Olympic seniors Marissa Nemeth, Sydney Troy and Emry Bohlmann are seeking a long playoff run that begins with the Olympic League tournament this week
EAST BREMERTON — It wasn’t a perfect Olympic League girls tennis season for Marissa Nemeth, Sydney Troy
The playoffs begin with the Olympic League tournament, Friday and Saturday at 8 a.m. at North Kitsap High School in Poulsbo. The top eight move on to the West Central District tournament at the Kitsap Tennis & Athletic Club in Bremerton May 17-18. A one or two-seed in
Nemeth is the No. 1 seed overall in the Olympic League in singles. And despite missing some time on the court due to a foot injury, she dominated her opponents. Nemeth admitted she enjoyed the “top dog” role but knows that comes with a target on her back.
“Everyone’s always out to beat number one because everyone wants to be number one,” she said.
Olympic coach Jeff Trainer said Nemeth is playing well right now.
“Over the last two weeks has been big for her,” he said, “working harder at practice and playing well in matches.”
Nemeth said she has a good shot of placing top three at state, which is her goal after finishing sixth last season. Nemeth began playing tennis at the age of nine at the KTAC but took time off of year-round practice to enjoy her love of dance, whether it was jazz, ballet or hip hop and she also played soccer. Now as a senior Nemeth can see the time away didn’t develop her overall game like her counterparts but it didn’t put her at a huge disadvantage thanks to her natural talents.
Nemeth said she enjoys being good at several activities rather than excel at one. After a car accident in 2011, Nemeth had physical therapy to help with a low-back injury and found that she couldn’t advance in dancing.
“I definitely didn’t enjoy it as much as tennis,” she said. “What drew me back was the competitive aspect.”
Maturity also has helped her overcome pre-match jitters, something she experienced as a freshman and sophomore at state.
“I feel like I’m experienced enough that I literally almost never get in my own head,” she said.
Nemeth said playing at the Nordstrom Tennis Center at the University of Washington is an experience in itself. The indoor courts where the action takes place is a revolving door of matches. Fans watch from the seating area above the courts, and while it’s not a large stadium there is an energy coming from the fans that can be distracting to first-time players.
Nemeth she’s able to shut out the distractions when she’s playing.
“Being there twice I definitely feel like that helps,” she said. “I know where everything is.”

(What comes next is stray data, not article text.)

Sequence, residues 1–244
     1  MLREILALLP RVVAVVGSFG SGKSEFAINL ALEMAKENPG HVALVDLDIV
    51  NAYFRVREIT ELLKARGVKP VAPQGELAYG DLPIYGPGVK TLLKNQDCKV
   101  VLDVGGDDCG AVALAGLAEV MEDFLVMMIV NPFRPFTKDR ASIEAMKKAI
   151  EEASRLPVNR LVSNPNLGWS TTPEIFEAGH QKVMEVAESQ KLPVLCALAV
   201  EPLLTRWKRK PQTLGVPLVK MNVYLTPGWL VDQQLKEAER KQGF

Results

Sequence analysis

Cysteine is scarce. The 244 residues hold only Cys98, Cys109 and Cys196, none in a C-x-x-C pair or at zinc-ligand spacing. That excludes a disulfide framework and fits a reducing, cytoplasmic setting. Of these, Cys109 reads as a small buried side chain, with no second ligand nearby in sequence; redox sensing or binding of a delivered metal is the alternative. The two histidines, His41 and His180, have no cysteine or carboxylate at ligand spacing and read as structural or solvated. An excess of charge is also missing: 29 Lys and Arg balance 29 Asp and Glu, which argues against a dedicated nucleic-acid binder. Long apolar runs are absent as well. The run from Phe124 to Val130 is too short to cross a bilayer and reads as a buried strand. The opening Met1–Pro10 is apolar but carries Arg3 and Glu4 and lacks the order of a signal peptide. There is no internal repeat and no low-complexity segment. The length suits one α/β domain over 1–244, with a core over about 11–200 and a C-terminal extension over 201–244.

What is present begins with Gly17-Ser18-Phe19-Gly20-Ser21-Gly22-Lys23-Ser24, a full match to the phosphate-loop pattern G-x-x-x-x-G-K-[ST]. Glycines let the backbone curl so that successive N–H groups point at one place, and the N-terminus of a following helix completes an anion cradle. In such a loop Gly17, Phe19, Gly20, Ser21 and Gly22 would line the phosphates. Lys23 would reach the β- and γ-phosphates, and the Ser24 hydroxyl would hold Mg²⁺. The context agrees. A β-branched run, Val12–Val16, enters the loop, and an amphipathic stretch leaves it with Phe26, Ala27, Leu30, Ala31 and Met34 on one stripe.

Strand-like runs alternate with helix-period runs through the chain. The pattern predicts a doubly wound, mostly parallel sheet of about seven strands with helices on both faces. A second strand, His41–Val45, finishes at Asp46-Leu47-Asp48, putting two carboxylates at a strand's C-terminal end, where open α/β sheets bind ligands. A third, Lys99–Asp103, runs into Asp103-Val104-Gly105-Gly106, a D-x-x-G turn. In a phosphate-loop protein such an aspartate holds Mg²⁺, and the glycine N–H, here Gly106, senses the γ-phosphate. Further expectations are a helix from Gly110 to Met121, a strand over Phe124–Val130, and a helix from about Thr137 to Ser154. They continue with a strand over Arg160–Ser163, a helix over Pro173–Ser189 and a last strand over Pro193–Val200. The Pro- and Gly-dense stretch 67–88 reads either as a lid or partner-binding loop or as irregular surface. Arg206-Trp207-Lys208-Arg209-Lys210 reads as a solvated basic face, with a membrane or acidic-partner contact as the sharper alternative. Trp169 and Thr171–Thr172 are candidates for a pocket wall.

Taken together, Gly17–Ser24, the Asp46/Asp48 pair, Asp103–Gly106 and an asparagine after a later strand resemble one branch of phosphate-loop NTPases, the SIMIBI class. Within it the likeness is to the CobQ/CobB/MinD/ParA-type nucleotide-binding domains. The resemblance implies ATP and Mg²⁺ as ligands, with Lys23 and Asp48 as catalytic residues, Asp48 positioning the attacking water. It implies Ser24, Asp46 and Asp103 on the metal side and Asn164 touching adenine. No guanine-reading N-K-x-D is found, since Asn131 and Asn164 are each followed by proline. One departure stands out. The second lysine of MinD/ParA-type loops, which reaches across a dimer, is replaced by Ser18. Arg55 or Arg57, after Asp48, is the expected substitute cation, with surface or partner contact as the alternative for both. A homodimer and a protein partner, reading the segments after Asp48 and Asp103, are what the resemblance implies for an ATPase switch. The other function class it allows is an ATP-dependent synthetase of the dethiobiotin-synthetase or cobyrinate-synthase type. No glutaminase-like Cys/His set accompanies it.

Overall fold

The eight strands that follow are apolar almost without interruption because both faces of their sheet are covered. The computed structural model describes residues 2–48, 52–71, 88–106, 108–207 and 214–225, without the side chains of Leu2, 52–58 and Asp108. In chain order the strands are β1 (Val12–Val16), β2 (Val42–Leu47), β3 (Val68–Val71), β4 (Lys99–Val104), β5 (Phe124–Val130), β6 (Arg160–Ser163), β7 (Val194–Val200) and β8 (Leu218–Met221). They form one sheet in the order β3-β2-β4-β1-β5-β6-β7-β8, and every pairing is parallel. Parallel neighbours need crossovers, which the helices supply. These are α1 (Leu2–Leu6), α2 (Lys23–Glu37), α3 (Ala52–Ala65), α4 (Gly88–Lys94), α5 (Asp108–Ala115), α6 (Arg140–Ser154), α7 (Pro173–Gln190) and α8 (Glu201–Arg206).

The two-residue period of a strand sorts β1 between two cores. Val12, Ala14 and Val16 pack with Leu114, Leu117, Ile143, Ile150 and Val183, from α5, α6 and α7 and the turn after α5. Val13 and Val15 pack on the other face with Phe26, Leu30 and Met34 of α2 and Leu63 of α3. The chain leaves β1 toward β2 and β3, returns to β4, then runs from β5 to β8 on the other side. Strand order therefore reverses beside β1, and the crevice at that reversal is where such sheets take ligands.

Troy is looking to make her third state tournament and will do it with new partner Bohlmann. The pair are seeded No. 2 into the OL tournament.
“Emry and I have actually known each other since we were three years old,” Troy said.
“And we’ve been pretty much best friends ever since,” Bohlmann added.
Part of having a new partner is the ability to work together, and with their friendship intact it was just a matter of figuring out their strengths and weaknesses.
Bohlmann’s introduction to high school tennis got off to a strong start when she made varsity as a freshman and played No. 2 singles. Bohlmann hit a setback her sophomore year when she was injured during the winter basketball season. Bohlmann tore her ACL and meniscus during a game against Kingston and was slow to recover. She had limited playing time her junior season but is now fully healthy and ready to break into the postseason with an experienced playing partner.
Bohlmann said once she was around her tennis teammates full-time her spirits were lifted.
“Being around those girls it was way easier,” she said, “and the coaches. The coaches are amazing.”
Bohlmann said she didn’t enjoy singles “I enjoy playing with people,” so coach Trainer paired her with Troy.
The two clicked on the court.
“They have that relationship and … they’re so different personality-wise but they complement each other very well in what they can do,” Trainer said.
Bohlmann is a fiery competitor and will be hard on herself for mistakes. Troy is more steady. Never too high or too low. The pair come together on the court with Troy evening out Bohlmann and Bohlmann firing up Troy.
“When I’m not winning I’m really hard on myself, so it’s nice to have this one (Sydney) on my side to bring me up — she’s good at that,” Bohlmann said.
“If Emry gets down, I know how to lift her up and if I get down she knows how to lift me up,” Troy added.
Their chemistry led them to wins in nearly every match this season— their lone losses were to Sequim as OL teams play each other twice during the regular season.
Chances are strong the Trojans pair will wind up facing the Sequim duo again in the doubles final as well as at district, but that’s all right with them.
“I can guarantee you we can beat everyone else,” Bohlmann said. “On a good day … a really, really good day … we can give it to Sequim.”
“We know our strengths and I definitely think we’re going to capitalize on our strengths,” Troy added.
“Absolutely,” Bohlmann said.
With that in mind, Troy has a goal that Bohlmann will do everything she can to make come true.
“My one goal this year is that I want to make it to the second day of state,” Troy said.